When many of us in recovery approach Step Four (make a “searching and fearless moral inventory of ourselves”), it often seems like a daunting task. Most of us living with an active addiction do not spend a lot of time looking at ourselves in a critical way. For many in recovery, approaching Step Four comes with a certain degree of fear.
My Personal Experience With Step Four
Different individuals will approach Step Four using a variety of methods. My fourth step in recovery was probably the step that took the longest. My sponsor had me begin first by writing down an exhaustive list of all the things I had resentment toward: individuals, institutions, and principles. Beside the individuals, institutions, and principles, I also listed the reasons why I was angry with them. In a third column, I listed how the offenses had affected me personally, often stemming from or creating fear within me. After asking God for the grace to show the people involved forgiveness for how they had wronged me, I created a fourth column. This fourth column was all the wrongs that I had done to these individuals, without concern for the wrong that they had caused me. In other words, Step Four is an extremely long and thorough examination of conscience.
A Step Further: The Fifth Step and the Sacrament of Reconciliation
After completing this fourth column, I did Step Five (admitting “to God, to myself, and to another human being the exact nature of my wrongs”). Many Catholics, when they learn about Step Five, think right away of the Sacrament of Reconciliation (also known as “confession”), in which you admit your sins to God and to a priest on behalf of the Church. My sponsor and I sat down together to do my fifth step so that he could get a better idea of my habits and tendencies. He later encouraged me to go to confession with a priest, which I did.
Learning the True Purpose of Reconciliation
Growing up and going through Catholic school, I had learned about confession and what it meant, but I do not think I ever understood the true purpose of the sacrament. I once had a conversation with my spiritual director about confession and how the fourth and fifth steps had really opened up my eyes to the freeing power of confession. From working through those two steps, I discovered how my own selfishness was the cause of most of my problems with other people. My spiritual director then told me something that I will never forget: “confession has become more of an exchange of goods and services rather than being what God has designed it for.”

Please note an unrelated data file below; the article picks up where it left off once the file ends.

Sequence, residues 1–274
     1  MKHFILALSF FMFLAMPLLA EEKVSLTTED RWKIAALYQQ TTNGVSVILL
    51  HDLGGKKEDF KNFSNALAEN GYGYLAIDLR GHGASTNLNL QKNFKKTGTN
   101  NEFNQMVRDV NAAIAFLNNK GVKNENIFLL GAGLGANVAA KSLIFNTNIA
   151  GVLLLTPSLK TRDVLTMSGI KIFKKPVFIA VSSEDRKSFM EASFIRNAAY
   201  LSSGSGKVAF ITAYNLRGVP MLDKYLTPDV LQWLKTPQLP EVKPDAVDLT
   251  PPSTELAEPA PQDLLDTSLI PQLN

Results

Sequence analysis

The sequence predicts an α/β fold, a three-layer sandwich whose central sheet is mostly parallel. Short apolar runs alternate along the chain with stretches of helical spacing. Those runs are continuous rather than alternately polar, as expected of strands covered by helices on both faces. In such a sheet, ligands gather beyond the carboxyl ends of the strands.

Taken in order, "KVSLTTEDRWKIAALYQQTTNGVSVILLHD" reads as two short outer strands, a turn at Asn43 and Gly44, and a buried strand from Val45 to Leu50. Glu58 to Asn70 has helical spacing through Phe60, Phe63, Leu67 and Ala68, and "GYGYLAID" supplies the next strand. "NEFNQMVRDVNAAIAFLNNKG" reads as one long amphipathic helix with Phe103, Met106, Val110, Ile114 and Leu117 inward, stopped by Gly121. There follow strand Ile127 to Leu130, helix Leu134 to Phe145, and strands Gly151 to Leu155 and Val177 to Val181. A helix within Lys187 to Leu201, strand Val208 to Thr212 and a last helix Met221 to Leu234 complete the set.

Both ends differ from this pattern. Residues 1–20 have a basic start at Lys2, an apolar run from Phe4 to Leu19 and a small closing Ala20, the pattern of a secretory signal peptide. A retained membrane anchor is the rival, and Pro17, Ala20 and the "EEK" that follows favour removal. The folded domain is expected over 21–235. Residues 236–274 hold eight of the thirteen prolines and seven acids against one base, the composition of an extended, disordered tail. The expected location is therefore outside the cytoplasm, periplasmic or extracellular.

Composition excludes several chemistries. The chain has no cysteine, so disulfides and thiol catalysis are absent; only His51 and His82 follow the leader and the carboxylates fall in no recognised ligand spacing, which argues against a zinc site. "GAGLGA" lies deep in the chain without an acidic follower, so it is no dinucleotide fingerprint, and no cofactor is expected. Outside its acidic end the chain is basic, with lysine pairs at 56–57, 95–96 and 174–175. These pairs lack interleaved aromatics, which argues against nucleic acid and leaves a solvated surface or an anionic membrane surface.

Essentially, confession as it is commonly practiced now, is more like us saying, “Here are my sins, so please grant me forgiveness.” And this is then followed by the priest saying, “You are forgiven and here are some prayers.” However, this is not what confession is all about. Repentance really means to get down to the deepest roots of what leads us into sin, namely selfishness, dishonesty, resentment, and fear, and have Christ heal us of those wounds by our confessing them to a priest.
A Recent Experience in Confession
I recently had an excellent experience in confession. I was nervous going in because I had heard from a friend that his family member had told him that this priest “dug too much.” Upon going to confession with this particular priest I could see why. After I finished naming my sins the priest said, “Why did you commit those particular sins?” I instantly tried to make up some sort of justification that I was frustrated that day and some other excuses. He replied, “No, that’s not why. You committed those sins because you were focused on YOU rather than God and others.” At first it floored me because I was not used to hearing this in confession. I then replied, “Father, you are absolutely right. It was all about me.”
Approaching the confessional with a humble heart can be one of the most liberating experiences one can have. I thoroughly enjoyed that particular confession and am strongly considering asking that priest to be my spiritual director. I have been fortunate enough to receive the type of freedom that such a thorough review of my life can bring due to my recovery from alcoholism and drug addiction. Had I not had that experience through the Twelve Steps, I may have left the confessional angry, resentful, and probably would have gossiped about this priest. This priest really just wanted me to see my interior motivations that set me up in a moment of weakness to commit a sin that had harmed another person. In essence, he was helping me to see the root of my sin.
The Gift of Recovery and Catholicism
Recovery from drugs and alcohol has given me a greater understanding and appreciation for the Sacrament of Reconciliation. I am extremely grateful for the fact that I was fighting for my life and that God showed me this freedom through my sponsor, the Twelve Steps, my spiritual director, and the sacramental life of the Catholic Church. Not only did I discover freedom from the bondage of my addiction, but God has freed me from the bondage of self, which I had asked Him to do during my third step! What a truly amazing gift that is.
Jonathan Hicks has been in recovery from drugs and alcohol since 2010. The Catholic faith has always been part of his recovery. He found freedom from his addiction in modeling Christ through service to others through 12-step groups, homeless shelters, soup kitchens, food pantries, youth ministry, and really any other outlet he could find. He is a strong believer in the power of Christian fellowship in recovery.